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Fertilization in Human

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Topics

description

  • Fertilization
  • Mechanism of fertilization
  • Effect of fertilization
  • Significance of fertilization
  • Sex determination

notes

Fertilization:

The process in which the union of male and female gametes (formed by gametogenesis) and fusion of pronuclei of sperm and ovum takes place thus diploid zygote is formed, is called fertilization. Fertilization stimulates the secondary oocyte cell, allowing the division to be completed. It usually happens when sperm and egg connect in the upper oviduct (ampulla-isthmic junction). During fertilization, a sperm contacts the ovum (zona pellucida layer) and causes modifications in the membrane that prevent additional sperms from entering. As a result, it assures that just one sperm can fertilize an ovum. The secretions of acrosome help the sperm to enter into the ovum through zona pellucida and the plasma membrane and thus secondary oocyte completes meiosis II and results in the formation of a second polar body and haploid ovum. The haploid nucleus of the sperm and ovum fuse together to form a zygote which develops into new individual. 

Ovum surrounded by few sperms

Polyspermy is the entry of more than one sperm nucleus into an ovum during fertilization. When the acrosome of a spermatozoa meets the surface of an egg, the cytoplasm of the egg bulges forward, generating a receptive cone or fertilization cone (a region where sperms enter the egg).

Passage of sperm to egg:  

During ejaculation, the male releases 80-100 million per ml of sperms in the vagina which are deposited at the top of the vagina close to the cervix. For fertilization to occur, sperms have to pass via the cervix, uterus, and oviduct. Cervix normally has very thick mucus. It prevents sperm motility. This mucus becomes thinner in the ovulatory part of the menstrual cycle, allowing the entry of sperms into the uterus and then into the oviduct. Movement of sperms is assisted by the contraction of smooth muscles of the uterine tract (under influence of prostaglandins from semen). Sperm can survive in the female is for 1 to 3 days but highly fertile for 12-24 hours only. Only a few hundred thousand complete their journey to the egg.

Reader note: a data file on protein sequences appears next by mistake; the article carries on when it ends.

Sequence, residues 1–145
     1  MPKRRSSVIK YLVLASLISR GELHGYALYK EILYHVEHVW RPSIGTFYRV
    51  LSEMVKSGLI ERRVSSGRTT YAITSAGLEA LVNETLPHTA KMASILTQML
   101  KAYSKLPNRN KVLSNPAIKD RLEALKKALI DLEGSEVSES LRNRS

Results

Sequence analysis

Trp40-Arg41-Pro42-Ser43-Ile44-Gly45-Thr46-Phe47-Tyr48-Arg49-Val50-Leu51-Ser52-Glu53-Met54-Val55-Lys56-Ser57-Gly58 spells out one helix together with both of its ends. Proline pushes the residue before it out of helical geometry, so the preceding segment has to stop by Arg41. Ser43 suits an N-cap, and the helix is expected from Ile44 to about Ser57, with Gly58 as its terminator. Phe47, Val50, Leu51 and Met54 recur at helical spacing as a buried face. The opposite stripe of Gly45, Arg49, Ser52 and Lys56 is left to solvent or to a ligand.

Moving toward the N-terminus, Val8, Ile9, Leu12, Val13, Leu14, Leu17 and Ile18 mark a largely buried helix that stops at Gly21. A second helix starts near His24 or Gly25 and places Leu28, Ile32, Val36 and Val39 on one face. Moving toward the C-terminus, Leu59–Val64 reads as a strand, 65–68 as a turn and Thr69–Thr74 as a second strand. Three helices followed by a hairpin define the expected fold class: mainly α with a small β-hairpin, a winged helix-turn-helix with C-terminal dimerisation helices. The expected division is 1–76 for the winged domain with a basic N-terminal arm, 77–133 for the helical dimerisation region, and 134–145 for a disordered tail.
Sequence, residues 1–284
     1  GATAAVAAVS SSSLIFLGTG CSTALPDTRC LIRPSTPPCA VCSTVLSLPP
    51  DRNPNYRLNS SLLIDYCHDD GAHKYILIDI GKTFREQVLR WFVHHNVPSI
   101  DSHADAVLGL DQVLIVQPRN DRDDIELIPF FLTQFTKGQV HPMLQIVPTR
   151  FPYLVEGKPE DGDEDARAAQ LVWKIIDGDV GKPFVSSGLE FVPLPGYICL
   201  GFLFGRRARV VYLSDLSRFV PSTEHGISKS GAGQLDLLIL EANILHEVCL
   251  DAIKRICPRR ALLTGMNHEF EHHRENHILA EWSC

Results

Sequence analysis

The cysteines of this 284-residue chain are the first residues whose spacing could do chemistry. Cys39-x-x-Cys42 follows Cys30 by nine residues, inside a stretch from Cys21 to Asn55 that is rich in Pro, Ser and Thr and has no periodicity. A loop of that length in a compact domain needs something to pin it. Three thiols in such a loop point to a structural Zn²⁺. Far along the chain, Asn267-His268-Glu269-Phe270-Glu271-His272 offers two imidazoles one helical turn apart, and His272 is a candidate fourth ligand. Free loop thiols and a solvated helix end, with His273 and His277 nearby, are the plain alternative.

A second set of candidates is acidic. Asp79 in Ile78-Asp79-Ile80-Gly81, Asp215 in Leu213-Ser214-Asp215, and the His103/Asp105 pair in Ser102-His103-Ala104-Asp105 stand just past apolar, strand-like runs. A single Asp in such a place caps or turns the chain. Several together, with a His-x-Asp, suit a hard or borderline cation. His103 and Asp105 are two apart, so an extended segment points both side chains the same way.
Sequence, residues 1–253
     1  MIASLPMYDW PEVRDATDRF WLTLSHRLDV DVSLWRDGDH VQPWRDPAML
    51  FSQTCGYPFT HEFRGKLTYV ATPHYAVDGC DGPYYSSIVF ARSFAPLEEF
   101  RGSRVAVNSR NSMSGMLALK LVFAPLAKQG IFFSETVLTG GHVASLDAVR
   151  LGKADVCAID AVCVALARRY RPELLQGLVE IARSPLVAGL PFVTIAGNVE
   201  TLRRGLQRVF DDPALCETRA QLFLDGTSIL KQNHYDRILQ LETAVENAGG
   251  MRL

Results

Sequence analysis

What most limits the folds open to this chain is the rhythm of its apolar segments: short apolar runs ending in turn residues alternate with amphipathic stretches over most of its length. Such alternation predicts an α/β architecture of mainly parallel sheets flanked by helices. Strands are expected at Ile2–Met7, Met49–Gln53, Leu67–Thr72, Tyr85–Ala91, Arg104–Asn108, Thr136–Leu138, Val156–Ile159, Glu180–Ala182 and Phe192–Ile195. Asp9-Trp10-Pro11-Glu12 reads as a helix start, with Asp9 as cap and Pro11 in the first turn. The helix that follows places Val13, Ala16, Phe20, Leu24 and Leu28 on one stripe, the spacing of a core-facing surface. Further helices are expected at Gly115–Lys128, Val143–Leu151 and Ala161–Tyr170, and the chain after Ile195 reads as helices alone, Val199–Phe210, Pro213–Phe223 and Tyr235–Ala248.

notes

Mechanism of fertilization: 

  1. Movement of sperms towards the secondary oocyte. 
  2. Penetration of corona radiata by the hyaluronidase enzyme.
  3. Adherence of sperm to the ZP3 receptors/region on zona pellucida, the glycoprotein layer surrounding the oocyte. 
  4. Sperm bind to a sperm receptor on the zona and this leads to the initiation of the acrosomal reaction. Various enzymes are released. e.g., Acrosin (Zona lysin). 
  5. Acrosin facilitates the penetration of sperm through zona pellucida.
  6. Fusion of sperm and membrane of secondary oocyte. (Syngamy) 
  7. Phagocytosis of sperm by the secondary oocyte. 
  8. Completion of meiosis-II of the secondary oocyte during phagocytosis to form ovum and simultaneously it releases 2nd polar body. 
  9. Structural changes in zona pellucida through cortical reaction and discharge of cortical granules in perivitelline space forms fertilization membrane, which prevent polyspermy. 
  10. In the event of fertilization complete sperm enters inside the ovum. (By phagocytosis) 
  11. It is followed by plasmogamy, karyogamy, and amphimixis i.e., completion of fertilization.

notes

Effects of fertilization:  

If fertilisation occurs and the foetus is deposited in the endometrium, the growing placenta's trophoblast cells secrete the hormone human chorionic gonadotrophin (hCG). Like LH, this hormone supports the corpus luteum and its release of progesterone and estradiol. These two hormones monitor the disintegration of the uterine endometrium; the lack of monthly flow (the "period") is the first indicator of pregnancy. The placenta produces enough progesterone and estradiol for a normal pregnancy by the 16th week of pregnancy, and the now-ineffective corpus luteum shrinks. 

notes

Significance of Fertilization: 

  1. The secondary oocyte completes its second maturation division on coming in contact with the sperm. 
  2. The Amphimixis process leads to the formation of a diploid zygote to restore the normal diploid number of the chromosomes. 
  3. The centriole of sperm after entering into egg induces the egg to undergo cleavage. 
  4. The paternal and maternal characters are transmitted to the offspring through the process of fertilization. 
  5. The peripheral changes occurring in the egg prevent the further entry of sperm into the ovum, thus checking polyspermy. 

notes

Amphimixis: 

Nucleus develops and becomes pronuclei. Male and female pronuclei fuse with each other to form a synkaryon or zygote with a genetic complement (2n,2C). It takes approx. 24 hrs. Proximal centriole of sperm initiates cleavage. 

Miscarriage:  

The most prevalent cause of miscarriage at around 10 – 12 weeks of pregnancy is premature corpus luteum degradation (miscarriage means abortion). 

notes

Sex determination: 

Human female- XX; Human male-XY 

If a male gamete containing an X-chromosome fertilizes a female gamete the female baby will have (XX). If a male gamete containing Y-chromosome fertilizes a female gamete the male baby will have (XY). Thus, the sex of the baby is determined by the father and not by the mother.

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